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Over 60 per cent seats, meant for the poor in private schools, go abegging

Rejections of RTE applications unusually high in 7 districts, including Ranchi
According to the data, Ranchi is the worst performing with 89% of applications rejected.
According to the data, Ranchi is the worst performing with 89% of applications rejected.

Our Correspondent   |   Ranchi   |   Published 05.12.20, 08:28 PM

Around 60 per cent seats reserved by law for underprivileged children in private unaided schools were left unused in the last academic year (2019-20) in seven Jharkhand districts, including Ranchi, the state education department has revealed in reply to Right to Information (RTI) query.

On Saturday, Association for Parivartan of Nation, the NGO that filed the RTI application, released details of the findings pertaining to seven districts, namely Ranchi, West Singbhum, East Singbhum, Bokaro, Godda, Seraikela-Kharsawan and Garhwa.

“The seven districts have 184 schools with 3,541 seats in all. Of the 3,548 applications received from families of underprivileged children [under Section 12 (1) (c) of Right to Education Act] only 1,471 was approved. As a result, 2015 seats remained vacant, which is 60 per cent, and this after 10 years of this significant act coming into force,” said Hasan Al-Banna, president of the NGO.

In Ranchi, 74 per cent seats were vacant. “As many as 1,679 applications were filed for admission under RTE of which only 188 were approved. This means out of 713 seats, 525 remained vacant,” said Kareem Ansari, a member of the outfit.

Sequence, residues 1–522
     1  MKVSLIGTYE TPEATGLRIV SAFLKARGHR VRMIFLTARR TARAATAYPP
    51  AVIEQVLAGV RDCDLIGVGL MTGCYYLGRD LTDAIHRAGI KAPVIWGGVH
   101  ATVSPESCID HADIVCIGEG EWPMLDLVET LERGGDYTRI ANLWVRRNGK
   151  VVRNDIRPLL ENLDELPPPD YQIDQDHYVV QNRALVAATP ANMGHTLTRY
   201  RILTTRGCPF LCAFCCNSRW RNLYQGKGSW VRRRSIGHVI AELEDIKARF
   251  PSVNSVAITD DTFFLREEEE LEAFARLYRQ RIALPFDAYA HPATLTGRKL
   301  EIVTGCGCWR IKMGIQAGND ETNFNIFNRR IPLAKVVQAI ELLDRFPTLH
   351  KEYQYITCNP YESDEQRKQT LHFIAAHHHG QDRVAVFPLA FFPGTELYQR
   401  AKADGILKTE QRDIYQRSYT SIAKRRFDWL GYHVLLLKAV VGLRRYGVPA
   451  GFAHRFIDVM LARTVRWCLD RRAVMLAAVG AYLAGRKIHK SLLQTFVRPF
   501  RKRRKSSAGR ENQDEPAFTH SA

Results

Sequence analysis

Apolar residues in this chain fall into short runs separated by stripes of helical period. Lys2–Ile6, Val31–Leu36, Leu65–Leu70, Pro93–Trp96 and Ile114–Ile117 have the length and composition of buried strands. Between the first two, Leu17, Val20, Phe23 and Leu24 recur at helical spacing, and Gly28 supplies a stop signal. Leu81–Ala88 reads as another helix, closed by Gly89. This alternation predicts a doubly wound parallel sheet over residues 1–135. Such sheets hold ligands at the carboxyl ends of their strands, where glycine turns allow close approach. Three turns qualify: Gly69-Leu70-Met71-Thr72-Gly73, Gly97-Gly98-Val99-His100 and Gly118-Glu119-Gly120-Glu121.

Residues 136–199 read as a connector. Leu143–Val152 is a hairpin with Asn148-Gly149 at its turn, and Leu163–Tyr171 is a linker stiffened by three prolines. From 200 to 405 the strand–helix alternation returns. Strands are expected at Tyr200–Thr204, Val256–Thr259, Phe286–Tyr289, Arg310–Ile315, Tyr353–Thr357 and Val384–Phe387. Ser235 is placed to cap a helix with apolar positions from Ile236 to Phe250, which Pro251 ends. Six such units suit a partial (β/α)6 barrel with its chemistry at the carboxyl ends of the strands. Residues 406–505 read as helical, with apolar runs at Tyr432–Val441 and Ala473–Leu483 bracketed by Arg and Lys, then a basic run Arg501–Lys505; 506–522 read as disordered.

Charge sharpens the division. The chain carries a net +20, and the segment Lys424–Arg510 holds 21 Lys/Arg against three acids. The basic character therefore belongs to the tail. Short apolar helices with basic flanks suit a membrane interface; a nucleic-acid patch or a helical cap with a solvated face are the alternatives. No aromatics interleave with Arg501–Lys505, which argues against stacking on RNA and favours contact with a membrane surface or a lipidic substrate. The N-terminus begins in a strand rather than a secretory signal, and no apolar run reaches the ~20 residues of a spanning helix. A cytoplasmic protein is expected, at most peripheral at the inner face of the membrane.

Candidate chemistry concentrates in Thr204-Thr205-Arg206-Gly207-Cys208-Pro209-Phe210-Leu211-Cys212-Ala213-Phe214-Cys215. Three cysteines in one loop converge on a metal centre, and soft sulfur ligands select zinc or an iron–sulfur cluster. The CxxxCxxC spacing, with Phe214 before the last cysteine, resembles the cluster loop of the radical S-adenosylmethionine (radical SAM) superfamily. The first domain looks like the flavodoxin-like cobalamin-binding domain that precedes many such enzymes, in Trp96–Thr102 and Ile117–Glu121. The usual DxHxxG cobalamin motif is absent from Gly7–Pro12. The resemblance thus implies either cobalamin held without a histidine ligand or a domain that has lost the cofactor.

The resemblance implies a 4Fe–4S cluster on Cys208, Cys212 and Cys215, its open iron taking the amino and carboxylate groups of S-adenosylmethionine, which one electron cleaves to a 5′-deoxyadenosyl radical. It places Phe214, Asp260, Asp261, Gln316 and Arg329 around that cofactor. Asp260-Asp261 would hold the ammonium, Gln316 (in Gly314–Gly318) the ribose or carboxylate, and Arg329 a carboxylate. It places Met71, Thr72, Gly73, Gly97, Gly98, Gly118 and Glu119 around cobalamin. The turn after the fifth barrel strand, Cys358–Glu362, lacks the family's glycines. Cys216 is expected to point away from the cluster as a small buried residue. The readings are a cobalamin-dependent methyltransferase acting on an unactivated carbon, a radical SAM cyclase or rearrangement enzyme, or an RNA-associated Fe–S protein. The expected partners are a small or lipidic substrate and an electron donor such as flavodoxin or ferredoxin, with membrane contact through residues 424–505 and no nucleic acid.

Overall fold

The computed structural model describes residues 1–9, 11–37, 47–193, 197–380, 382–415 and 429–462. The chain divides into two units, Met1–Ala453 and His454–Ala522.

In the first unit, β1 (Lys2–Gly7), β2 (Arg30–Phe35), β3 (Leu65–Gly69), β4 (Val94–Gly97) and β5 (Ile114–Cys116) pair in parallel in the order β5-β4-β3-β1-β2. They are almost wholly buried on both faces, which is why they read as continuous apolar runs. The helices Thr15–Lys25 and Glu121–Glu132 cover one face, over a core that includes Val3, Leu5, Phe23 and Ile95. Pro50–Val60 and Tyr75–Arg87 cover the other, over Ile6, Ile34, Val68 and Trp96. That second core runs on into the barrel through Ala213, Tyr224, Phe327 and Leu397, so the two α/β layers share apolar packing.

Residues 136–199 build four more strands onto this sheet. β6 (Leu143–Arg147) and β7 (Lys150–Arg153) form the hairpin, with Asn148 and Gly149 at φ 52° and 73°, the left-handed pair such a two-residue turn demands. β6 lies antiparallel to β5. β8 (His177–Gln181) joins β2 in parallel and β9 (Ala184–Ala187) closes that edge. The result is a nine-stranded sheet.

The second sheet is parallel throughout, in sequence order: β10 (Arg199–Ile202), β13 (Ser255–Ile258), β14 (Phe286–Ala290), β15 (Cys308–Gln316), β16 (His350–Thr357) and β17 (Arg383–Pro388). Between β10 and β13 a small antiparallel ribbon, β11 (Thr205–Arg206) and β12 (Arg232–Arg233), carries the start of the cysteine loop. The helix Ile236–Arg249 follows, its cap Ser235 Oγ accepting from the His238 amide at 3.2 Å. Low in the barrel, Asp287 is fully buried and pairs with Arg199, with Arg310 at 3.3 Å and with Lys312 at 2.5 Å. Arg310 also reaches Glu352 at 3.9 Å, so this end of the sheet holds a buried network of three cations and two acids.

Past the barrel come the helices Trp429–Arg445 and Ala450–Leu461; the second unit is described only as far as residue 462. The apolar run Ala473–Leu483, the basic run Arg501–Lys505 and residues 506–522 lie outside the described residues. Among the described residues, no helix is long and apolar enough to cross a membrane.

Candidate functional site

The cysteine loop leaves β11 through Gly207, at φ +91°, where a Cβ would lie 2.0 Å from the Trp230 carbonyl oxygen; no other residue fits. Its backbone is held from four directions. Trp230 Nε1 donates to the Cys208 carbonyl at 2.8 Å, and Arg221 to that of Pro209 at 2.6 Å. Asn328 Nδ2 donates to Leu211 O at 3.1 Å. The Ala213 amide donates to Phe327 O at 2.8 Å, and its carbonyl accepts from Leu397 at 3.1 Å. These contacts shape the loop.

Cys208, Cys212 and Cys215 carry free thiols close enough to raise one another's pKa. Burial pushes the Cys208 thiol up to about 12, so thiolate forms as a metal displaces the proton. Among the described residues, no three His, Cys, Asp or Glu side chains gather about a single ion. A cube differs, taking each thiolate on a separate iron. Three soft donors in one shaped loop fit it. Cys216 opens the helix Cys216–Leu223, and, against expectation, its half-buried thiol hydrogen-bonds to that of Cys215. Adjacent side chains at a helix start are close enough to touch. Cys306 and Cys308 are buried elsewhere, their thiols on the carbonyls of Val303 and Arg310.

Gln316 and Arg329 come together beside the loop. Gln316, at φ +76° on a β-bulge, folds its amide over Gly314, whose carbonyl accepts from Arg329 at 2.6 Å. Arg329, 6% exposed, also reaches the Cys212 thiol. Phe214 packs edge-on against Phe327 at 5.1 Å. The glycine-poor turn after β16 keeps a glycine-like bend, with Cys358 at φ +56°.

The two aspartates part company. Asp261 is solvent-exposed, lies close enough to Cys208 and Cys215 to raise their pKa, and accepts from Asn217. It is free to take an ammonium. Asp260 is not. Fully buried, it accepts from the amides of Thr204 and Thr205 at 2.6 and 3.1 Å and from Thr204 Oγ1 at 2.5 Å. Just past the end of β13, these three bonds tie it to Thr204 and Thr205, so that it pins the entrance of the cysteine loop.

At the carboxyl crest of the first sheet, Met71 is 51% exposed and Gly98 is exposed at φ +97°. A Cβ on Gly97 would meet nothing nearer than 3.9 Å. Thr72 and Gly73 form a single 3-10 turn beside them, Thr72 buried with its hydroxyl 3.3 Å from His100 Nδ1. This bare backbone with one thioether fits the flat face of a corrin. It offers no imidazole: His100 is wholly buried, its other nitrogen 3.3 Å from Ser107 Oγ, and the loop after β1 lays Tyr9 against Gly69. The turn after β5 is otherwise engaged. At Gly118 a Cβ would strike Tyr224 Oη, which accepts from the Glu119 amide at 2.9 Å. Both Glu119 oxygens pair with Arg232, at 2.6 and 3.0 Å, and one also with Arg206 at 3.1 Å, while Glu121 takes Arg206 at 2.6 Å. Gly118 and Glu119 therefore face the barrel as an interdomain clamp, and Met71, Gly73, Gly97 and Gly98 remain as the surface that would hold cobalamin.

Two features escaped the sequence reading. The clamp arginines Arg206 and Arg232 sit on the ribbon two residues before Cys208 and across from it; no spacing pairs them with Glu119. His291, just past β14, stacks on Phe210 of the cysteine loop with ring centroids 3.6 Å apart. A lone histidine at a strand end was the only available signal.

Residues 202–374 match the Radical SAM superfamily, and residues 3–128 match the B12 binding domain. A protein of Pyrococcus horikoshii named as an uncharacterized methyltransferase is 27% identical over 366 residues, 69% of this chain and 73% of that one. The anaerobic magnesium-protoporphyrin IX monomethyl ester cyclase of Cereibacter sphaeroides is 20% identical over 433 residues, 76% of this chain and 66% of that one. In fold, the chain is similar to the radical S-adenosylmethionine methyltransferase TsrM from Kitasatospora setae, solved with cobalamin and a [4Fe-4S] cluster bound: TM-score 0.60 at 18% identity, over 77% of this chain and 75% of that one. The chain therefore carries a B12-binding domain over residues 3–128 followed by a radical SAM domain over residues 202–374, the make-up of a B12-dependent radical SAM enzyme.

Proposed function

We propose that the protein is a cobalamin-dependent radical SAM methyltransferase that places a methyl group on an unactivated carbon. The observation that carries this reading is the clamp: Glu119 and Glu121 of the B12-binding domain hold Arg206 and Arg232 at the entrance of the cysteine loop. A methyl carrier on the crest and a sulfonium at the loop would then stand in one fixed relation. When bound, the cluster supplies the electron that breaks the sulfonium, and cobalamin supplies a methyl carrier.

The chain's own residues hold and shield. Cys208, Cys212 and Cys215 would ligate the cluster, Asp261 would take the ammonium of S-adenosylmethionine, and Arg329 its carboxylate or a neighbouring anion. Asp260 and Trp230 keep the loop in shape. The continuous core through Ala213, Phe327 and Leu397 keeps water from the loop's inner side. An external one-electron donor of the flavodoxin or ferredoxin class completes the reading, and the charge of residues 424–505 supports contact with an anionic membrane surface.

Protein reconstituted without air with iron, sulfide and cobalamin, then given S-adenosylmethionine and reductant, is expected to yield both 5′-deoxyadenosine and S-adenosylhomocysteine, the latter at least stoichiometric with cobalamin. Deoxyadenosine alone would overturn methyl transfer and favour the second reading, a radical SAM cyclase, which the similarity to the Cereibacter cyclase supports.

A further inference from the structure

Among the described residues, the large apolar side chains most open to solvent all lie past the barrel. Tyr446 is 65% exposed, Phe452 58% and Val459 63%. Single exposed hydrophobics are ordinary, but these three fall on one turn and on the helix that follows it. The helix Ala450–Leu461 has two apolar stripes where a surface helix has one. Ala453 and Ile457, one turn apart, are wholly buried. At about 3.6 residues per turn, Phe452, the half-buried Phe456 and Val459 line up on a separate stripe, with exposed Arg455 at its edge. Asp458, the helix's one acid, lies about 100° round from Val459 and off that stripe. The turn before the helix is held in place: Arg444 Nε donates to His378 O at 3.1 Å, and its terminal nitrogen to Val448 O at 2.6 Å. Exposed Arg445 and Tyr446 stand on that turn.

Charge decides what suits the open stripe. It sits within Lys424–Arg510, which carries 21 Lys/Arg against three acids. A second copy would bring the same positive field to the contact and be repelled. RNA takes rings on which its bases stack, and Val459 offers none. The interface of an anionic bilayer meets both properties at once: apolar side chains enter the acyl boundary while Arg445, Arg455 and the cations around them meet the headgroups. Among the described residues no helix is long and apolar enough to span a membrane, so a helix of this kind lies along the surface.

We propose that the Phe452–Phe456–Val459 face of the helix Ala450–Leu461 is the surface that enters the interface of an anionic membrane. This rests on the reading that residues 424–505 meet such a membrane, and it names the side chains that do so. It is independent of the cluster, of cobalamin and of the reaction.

Similarly, in East Singhbhum 820 out of 1,651 seats remained vacant while in West Singhbhum 102 remained unused out of 189 seats. Out of 608 seats in Bokaro, 418 remained vacant. Garhwa, Seraikela and Godda had 55, 112 and 38 vacant seats out of 158, 153 and 69 seats respectively.

“Interestingly, the government received more applications than the number of seats. For the 3,383 seats available in private schools, 3,578 applications were filed. However, the government rejected 62% of these applications. Many eligible families who had pinned their hopes on securing admission for their family were sorely disappointed to find that their applications were rejected without reason,” said Hasan.

Section 12(1)(c) of RTE clearly spells out that private schools shall admit in class 1 (or pre-primary) at least 25% children belonging to weaker sections and disadvantaged groups in the neighbourhood and provide free and compulsory education till its completion.

The data also revealed that among districts, Ranchi is the worst performing with 89% of applications rejected. Godda and Bokara had more than 50%  applications rejected and more than half the seats vacant. Of the data available, East and West Singhbhum are the best performings. But several districts had a suspiciously low number of private schools registered or do not provide any information.

Giving an example of a parent, Hasan said, “One Fauziya Perween of Ranchi, whom we interacted with, said they had filled the online application for their son Umar Farooque's admission in Class 1 in a private school on the website But despite giving all required documents their son did not get admission. No one gave any substantial reasons for the rejection.”

Hasan wondered why the percentage of rejected applications was so high? “The high rate of rejection costs many underprivileged and deserving children their right to education and possibly their chance at a better future.”

Sneha Shahdeo, another member of the outfit said, “This trend is being witnessed at the national level too where private schools are becoming highly hierarchical and segregated. We urge the state government to immediately initiate a transparent application process before the next academic year 2021-22.”

On his part, Ranchi deputy commissioner Chhavi Ranjan said that during a review of the district education department on December 1, he had asked officials to set up help desks at all private schools and the district collectorate to ensure grievances of applicants were addressed so that enrolments under RTE could be increased ahead of the next academic year.

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